Treatment of influenza with neuraminidase inhibitors

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Abstract

Purpose of review

Seasonal and pandemic influenza are major causes of morbidity and mortality globally. Neuraminidase inhibitors (NAIs) are the only class of antiviral agent recommended for the treatment of currently circulating strains of influenza. There has previously been controversy over the level of evidence for patient benefit with NAIs. We review here the current evidence base for the clinical impact of treatment of influenza with NAIs.

Recent findings

Meta-analysis of pharma-sponsored studies (including previously unpublished data) shows that NAIs reduce the duration of illness in influenza-infected patients, and suggest a possible reduction in the rate of complications and hospitalization. Meta-analysis of observational studies examining oseltamivir use during the H1N1 2009 pandemic, suggest a reduction in hospitalization rate in community-dwelling patients and a reduction in mortality in hospitalized adults treated with NAIs. Current NAI use in the community and hospitals varies widely but in general they are underutilized.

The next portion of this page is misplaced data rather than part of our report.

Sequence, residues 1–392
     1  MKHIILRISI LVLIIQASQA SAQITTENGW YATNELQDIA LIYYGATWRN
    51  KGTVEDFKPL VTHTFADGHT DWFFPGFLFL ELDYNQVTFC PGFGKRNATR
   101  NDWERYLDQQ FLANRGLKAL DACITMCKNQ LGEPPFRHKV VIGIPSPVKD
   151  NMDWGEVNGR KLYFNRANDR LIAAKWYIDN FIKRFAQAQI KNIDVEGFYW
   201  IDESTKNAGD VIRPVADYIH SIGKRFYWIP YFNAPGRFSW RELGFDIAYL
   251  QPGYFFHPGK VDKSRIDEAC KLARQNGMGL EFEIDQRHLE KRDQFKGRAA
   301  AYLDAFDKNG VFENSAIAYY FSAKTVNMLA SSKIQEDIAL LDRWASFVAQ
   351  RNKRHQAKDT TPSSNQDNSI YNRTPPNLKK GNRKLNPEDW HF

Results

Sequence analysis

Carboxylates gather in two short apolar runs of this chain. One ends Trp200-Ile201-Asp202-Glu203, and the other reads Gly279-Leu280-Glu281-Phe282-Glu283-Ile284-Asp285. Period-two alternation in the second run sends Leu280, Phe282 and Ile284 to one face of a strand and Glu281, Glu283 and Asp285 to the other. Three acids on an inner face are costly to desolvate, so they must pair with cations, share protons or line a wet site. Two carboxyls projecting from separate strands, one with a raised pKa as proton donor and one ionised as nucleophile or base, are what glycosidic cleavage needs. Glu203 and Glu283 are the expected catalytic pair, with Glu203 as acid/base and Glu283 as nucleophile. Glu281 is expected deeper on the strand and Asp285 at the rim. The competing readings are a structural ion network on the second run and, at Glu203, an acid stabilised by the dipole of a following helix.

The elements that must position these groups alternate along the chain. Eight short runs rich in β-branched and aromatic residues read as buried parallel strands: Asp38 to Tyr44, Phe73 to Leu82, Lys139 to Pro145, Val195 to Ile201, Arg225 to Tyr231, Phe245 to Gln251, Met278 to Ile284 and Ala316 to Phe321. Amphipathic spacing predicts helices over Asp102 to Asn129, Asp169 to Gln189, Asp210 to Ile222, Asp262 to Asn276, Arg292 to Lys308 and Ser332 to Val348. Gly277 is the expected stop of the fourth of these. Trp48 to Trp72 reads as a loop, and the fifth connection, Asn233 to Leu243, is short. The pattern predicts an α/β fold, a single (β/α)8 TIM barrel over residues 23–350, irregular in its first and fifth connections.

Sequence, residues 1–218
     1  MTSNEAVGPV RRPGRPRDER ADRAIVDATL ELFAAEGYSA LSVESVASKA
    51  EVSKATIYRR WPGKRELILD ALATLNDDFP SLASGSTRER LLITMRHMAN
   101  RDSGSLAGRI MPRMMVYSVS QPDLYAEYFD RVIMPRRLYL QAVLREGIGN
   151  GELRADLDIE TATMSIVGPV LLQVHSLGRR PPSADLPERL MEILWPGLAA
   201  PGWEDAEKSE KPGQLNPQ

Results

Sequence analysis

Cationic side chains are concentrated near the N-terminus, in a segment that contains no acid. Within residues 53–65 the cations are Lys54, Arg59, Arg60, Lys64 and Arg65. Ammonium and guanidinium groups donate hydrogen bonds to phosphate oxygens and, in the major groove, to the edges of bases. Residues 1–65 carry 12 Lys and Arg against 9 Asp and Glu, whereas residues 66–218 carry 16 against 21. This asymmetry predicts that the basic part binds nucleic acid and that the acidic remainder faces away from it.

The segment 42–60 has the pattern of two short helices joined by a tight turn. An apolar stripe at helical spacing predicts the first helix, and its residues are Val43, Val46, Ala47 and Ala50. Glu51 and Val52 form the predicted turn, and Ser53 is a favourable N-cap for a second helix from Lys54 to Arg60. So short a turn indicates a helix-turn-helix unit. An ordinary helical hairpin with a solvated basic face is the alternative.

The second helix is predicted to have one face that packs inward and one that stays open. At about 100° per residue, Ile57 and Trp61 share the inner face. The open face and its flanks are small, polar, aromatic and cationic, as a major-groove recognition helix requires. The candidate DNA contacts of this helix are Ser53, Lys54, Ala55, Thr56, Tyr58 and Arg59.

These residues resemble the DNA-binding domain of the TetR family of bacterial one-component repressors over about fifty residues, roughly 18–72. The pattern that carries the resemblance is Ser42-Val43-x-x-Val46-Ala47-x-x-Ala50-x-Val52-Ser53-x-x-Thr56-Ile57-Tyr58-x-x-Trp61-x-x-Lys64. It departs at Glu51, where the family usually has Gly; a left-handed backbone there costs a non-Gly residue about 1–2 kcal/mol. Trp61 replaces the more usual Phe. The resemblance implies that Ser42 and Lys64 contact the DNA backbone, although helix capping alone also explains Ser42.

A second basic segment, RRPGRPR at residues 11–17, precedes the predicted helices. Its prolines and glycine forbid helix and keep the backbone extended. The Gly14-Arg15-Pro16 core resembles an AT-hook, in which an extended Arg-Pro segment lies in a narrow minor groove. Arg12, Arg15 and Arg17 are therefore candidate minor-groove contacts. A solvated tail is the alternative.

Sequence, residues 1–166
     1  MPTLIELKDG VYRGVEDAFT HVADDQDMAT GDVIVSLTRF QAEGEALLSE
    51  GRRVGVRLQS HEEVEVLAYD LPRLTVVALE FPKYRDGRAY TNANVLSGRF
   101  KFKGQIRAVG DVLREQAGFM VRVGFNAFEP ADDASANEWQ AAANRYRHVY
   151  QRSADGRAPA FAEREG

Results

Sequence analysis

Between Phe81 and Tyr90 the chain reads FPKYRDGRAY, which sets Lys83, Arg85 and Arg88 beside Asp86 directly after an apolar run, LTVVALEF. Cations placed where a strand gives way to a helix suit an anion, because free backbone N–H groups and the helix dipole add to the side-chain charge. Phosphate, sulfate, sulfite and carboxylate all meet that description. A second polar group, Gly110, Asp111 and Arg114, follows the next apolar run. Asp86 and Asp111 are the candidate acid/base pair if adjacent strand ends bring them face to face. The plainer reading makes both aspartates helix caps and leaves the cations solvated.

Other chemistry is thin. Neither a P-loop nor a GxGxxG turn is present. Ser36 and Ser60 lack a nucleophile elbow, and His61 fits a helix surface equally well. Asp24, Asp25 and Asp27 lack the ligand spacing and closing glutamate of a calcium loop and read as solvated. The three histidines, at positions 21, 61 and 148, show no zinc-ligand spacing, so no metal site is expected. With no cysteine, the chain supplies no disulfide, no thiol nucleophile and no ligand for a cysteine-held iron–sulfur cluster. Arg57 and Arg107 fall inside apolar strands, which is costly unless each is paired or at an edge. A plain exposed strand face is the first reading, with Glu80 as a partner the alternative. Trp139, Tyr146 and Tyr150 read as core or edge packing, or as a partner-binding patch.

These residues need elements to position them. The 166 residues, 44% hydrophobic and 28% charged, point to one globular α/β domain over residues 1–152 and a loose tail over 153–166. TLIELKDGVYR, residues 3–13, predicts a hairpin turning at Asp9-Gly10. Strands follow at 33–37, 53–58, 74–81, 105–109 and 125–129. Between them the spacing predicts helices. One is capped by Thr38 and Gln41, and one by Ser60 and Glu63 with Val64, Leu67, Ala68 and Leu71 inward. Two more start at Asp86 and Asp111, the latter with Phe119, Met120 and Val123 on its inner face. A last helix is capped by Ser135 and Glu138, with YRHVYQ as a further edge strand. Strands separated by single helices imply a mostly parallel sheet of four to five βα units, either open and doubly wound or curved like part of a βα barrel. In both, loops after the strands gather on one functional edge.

Summary

Although there has been controversy over the level of evidence for patient benefit, a growing body of evidence suggests that treatment of influenza with NAIs is associated with improved outcomes for both patients in the community and more severely unwell patients in hospital. Clinical outcomes are optimal with earlier use and strategies to improve early widespread NAI utilization are needed.

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